Is there an Interim or Contractor in the world who hasn’t wondered how on earth they can raise their day rate?
Once you state your rate, that’s it, that’s what you’re worth…forever.
It doesn’t need to be like that.
1. Build slowly over time, and with experience.
Each time you complete a contract, as long as it has given you exposure to something you haven’t done before, you should, in theory, be more valuable. Make a conscious decision that when you go back to the market you explain that you are now looking for an uplift. How much would depend on how long the previous contract was and how much extra you did.
2. Your specialist skills deserve special rates.
Let’s use some theoretic roles and numbers. In your last role you did a hand-holding Financial Controller role. It had a broad scope and in some areas you were used to doing them, and in other areas you had less experience. You therefore charged your usual ‘general rate’ of £500 per day.
However, the next role you come across is much more specific and requires a real expert, of which there are not many on the market – but you know you are spot on: a disposal, perhaps, or setting up a Shared Service Centre in Europe.
Why should you charge your general rate, when you are doing a highly specialist role? Why not charge more for this?
Ensure your agents know that you have more than one rate. Rate 1 = a general role. Rate 2 = if they need my specialism in areas (x) (y) or (z).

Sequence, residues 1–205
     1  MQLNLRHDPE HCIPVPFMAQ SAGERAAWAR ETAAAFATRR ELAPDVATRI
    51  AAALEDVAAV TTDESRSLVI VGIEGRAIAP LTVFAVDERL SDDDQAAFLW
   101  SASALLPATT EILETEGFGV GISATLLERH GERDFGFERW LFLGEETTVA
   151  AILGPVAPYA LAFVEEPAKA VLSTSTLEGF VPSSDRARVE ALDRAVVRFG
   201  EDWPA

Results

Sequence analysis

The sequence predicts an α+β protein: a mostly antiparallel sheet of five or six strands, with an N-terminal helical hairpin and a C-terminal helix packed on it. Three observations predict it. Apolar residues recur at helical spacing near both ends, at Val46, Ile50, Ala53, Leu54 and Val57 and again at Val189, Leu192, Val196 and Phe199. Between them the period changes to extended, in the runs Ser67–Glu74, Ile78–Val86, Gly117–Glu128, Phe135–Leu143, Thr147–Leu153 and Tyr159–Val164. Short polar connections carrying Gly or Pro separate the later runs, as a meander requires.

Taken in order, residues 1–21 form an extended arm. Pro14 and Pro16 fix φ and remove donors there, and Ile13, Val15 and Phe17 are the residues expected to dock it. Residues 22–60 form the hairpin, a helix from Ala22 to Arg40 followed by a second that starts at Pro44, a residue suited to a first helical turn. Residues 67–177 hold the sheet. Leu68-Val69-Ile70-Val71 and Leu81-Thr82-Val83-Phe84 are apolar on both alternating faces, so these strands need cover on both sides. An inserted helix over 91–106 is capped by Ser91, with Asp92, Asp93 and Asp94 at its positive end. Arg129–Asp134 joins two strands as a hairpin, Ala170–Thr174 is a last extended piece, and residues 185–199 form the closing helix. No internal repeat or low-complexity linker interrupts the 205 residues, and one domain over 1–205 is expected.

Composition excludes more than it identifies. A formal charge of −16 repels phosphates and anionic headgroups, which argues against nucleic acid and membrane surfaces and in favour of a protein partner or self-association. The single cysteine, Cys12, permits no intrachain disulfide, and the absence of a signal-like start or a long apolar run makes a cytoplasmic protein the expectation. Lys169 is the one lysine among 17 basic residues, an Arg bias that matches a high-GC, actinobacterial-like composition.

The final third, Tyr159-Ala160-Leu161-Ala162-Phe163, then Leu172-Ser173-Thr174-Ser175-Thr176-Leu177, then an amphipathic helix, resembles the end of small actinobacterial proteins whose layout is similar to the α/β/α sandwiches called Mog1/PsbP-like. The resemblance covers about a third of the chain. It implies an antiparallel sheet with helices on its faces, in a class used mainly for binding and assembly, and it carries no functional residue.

3. Pay attention to timing.
If a client is desperate or can’t find what they are looking for, they might be prepared to pay a premium for your services. You will need to assess the situation by asking your agent “why are they looking and how long have they been looking for”? If you are confident you can deliver the role, then put yourself in at a premium. Be prepared, though, that a client will expect premium work, if you are being paid as such.
Much of this advice, or course, suggests you will be entering the market at a time when you have choice of role and you can confidently state your position as a valuable resource. There will be times when the gaps between your assignments cause you to question your rate and think whether bringing it down would be a good idea. I can’t tell you how you should respond as it can be a delicate decision, based on your personal circumstances, but do always try to protect the value of your specialisms.
One suggestion would be:
“For this role I would usually command a rate of £700. I am prepared to deliver it for £500, but I would like to discuss some bonus structure based on my over-performance. That way you get the role delivered for less than market rate, but I get the chance to recoup some of the money as I’m confident in my ability to over-deliver”.
Remember that your day rate can be flexible, but you need to value your skills, and ensure you're being paid for them properly. Seek advice, ask questions, survey the market, and ultimately realise that those who successfully build their rates do it over time, and with a real self-confidence in the increases they ask for.